Wednesday, March 26, 2008

Firewall Problems

If you have installed a router/switch device between your network and a broadband Internet connection, be sure to read the manual thoroughly and understand how the device should be configured. Many come with default settings, but you need to fill in some information, such as the address of the broadband lint, if your service provider gives you a static address. In most cases, the provider will be
using DHCP also, so you won't have to make any changes. If you do have to make changes, write them down and keep the information handy for later troubleshooting efforts.

It's not a good idea to mix computers you use for play with those you use for business on the same network. If you do, you are just asking for trouble. If you play Internet games—those that allow you to interact with other users playing the same game on the Internet—you might be instructed to change the port settings on a small switch/router that also functions as a firewall. If you start playing around with opening, disabling, or forwarding ports, keep track of the changes you make. If something stops working after you've made a change, undo the modification and see whether the changes you've made have caused the problem.

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Some users prefer to use the demilitarized zone (DMZ) option as an alternative to fiddling around with router settings to make online gaming possible.

Remember that the firewall capabilities of a small switch/router are minimal and are designed to protect you from simple attacks from the Internet. It might be that the default settings are very stringent and if you end up making changes that relax the firewall settings, you might also be opening a door that can allow bad things into your small LAN.

Keeping Your Network Healthy

Another good reason to keep your entertainment computers separate from your business LAN is that you don't want to be surfing the Web, find a neat program, and download a virus or some other bad program that will start to eat up things in your network. This is yet another reason other people shouldn't be using your business computer to access the Internet. Additionally, if you have children who want to use the Internet, you might want to buy them their own computer and provide a separate Internet connection. The shorthand is like this: Play games on your play computers; do business on your business computers. If at all possible, it's not a bad idea to adopt this policy. With computer prices falling and the fact that many people keep older computers after upgrades, this may be more feasible than ever.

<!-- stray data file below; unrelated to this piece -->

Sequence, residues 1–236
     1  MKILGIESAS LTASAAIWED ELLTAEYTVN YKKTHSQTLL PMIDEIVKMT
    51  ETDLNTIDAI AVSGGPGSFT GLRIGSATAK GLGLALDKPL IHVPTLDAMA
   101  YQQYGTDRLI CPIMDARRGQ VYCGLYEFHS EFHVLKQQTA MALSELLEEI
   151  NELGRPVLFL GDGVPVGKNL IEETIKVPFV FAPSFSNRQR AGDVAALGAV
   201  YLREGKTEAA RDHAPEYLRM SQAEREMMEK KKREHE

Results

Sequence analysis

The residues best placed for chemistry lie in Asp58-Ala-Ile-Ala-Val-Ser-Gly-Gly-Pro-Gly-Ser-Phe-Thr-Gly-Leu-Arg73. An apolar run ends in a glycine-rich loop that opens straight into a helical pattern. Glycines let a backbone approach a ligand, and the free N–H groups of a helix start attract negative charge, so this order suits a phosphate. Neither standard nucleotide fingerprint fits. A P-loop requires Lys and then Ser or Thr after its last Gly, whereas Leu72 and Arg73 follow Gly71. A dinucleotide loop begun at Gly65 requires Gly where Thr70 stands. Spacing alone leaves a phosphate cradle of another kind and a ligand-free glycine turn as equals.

And, of course, because business is business, back up your files on a regular basis. Above all, it's worth the cost to buy a good antivirus software package and keep it updated. The cost is a tax deduction and it will save you a lot of grief if something bad does get loose in your network.

For the safety of your network, a good antivirus program should be used to scan all disks on all computers on your LAN on a very frequent basis—such as nightly when you are asleep. A good antivirus program should also download updates (new virus definitions) frequently. Daily updates are recommended. If you hear of a new virus outbreak, you should immediately check for updates manually.

Keep in mind that if you don't keep your virus definitions up-to-date, then when one gets loose in even a large network, much less a small one, it can wreak havoc as it quickly spreads.

Lastly, a good antivirus program should detect malicious attachments when you are sending and receiving email, and should check removable media (such as a floppy disk) and block you from copying files if the removable media contains a virus or some other threatening program.

Unless your antivirus program was part of a security suite, you might not have anti-spyware software. Make sure you obtain and use two or more anti-spyware programs. Unlike antivirus programs, which can conflict with each other, it's okay to install more than one anti-spyware program.

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